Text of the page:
Objective To explore the emotional experience of physicians in acute settings when encountering end-of-life conversations and decision making.
Method Thematic synthesis of qualitative studies. Medline, PsychInfo, PubMed, BNI and CIAHL were searched from 1985 to 2021 for studies published in English. Data extraction was informed by a framework created for assessing methodological quality by Polanin, Pigott, Espelage and Grotpeter (2019) and adapted by Draper et al. (2019).
Results Of 8429 papers identified, 17 were selected for review. Two themes containing 10 subthemes described the emotional and psychological factors impacting the experience of end-of-life care, namely: a tension between desire and ability to communicate end-of-life news, and a conflict of hiding versus revealing self across several practical and emotional contexts.
Conclusion Medical training is only a small factor in how well a person copes with end-of-life care and may sometimes feed negative appraisals . Lack of support from senior colleagues, fear of criticism and a sense of perceived failure were linked to lower self-efficacy in end-of-life care. Beyond learning practical skills, physicians benefit from understanding the psychological factors impacting their experience and in building self-efficacy, and observing senior colleagues effectively process strong and difficult emotions.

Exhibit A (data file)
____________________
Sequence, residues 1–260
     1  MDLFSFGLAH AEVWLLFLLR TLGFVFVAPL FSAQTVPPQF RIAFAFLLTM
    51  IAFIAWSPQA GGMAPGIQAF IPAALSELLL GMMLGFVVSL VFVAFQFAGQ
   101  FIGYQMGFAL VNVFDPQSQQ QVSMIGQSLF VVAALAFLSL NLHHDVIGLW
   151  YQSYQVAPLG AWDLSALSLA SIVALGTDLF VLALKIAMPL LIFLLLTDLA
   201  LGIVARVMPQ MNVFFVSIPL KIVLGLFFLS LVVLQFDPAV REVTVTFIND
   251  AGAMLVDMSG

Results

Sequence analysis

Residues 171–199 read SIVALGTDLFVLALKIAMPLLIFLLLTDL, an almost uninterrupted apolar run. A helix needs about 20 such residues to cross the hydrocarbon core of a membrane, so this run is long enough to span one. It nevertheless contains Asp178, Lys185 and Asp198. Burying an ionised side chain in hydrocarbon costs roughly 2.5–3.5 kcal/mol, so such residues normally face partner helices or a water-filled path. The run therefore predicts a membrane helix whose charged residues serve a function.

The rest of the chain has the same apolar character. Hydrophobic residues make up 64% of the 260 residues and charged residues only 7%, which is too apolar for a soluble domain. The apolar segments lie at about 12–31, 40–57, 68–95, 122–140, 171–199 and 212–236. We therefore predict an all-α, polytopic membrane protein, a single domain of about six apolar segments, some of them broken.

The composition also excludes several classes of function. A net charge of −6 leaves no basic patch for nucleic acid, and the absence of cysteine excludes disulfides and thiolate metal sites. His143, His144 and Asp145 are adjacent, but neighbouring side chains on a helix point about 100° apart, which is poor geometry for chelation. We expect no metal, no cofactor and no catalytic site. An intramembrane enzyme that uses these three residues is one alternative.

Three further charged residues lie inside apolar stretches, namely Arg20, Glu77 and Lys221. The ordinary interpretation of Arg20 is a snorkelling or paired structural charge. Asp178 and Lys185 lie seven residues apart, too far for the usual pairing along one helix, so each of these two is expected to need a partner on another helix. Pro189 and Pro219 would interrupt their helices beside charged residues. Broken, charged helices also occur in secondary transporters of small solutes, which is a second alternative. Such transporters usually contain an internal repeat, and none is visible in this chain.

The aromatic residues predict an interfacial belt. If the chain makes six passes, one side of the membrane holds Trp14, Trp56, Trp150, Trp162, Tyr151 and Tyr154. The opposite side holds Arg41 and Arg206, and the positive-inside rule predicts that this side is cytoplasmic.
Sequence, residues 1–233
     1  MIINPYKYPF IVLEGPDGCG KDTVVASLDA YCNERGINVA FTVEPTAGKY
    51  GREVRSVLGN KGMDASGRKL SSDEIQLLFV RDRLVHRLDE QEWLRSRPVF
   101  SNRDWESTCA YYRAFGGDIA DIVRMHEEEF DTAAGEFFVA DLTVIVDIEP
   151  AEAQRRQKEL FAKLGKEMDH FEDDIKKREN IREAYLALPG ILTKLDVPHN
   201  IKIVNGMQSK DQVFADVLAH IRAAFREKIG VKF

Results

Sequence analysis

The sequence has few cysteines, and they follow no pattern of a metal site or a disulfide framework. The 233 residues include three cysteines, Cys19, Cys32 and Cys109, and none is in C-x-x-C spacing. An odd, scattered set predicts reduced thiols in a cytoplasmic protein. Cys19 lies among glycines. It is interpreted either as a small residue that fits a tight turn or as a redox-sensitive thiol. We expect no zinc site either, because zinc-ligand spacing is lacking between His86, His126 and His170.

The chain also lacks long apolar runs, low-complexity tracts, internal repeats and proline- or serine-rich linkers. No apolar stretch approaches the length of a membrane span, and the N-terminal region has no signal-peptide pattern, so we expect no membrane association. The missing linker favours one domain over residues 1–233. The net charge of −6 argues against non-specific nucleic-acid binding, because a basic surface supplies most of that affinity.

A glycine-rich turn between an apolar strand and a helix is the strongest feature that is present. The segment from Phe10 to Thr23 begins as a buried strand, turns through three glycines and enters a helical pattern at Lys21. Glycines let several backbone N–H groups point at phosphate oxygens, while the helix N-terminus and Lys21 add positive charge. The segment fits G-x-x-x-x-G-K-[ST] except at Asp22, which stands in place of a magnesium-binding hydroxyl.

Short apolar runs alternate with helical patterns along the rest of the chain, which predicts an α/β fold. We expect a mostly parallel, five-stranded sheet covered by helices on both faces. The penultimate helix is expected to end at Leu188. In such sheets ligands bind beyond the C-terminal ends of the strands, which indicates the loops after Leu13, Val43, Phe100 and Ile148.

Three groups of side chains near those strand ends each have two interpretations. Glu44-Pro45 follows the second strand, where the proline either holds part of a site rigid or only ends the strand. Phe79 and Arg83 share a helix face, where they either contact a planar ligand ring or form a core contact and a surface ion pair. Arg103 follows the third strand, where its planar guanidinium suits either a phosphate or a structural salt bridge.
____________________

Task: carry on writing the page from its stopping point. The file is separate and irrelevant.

Practical implications Promoting personal reflection and sharing of the experiences encountered in end-of-life care, especially modelled from senior colleagues, may contribute to improvements in competence and reduce the impact of heroism, feelings of failure and avoidance in practice.
- Transitional care
- Psychological care
- Hospital care
- End of life care
Data availability statement
Data are available in a public, open access repository. All data relevant to the study are included in the article or uploaded as supplementary information.
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Correction notice This article has been corrected since it was first published. The title of the article has been updated.
Contributors JSL is the primary and corresponding author responsible for the overall content and accepts full responsibility for the the conduct of the study, has access to the data, controlled the decision to publish, and acts as guarantor of the authenticity of the publication. SB is the second author. SRM is the third author.
Funding The authors have not declared a specific grant for this research from any funding agency in the public, commercial or not-for-profit sectors.
Competing interests None declared.
Provenance and peer review Not commissioned; externally peer reviewed.
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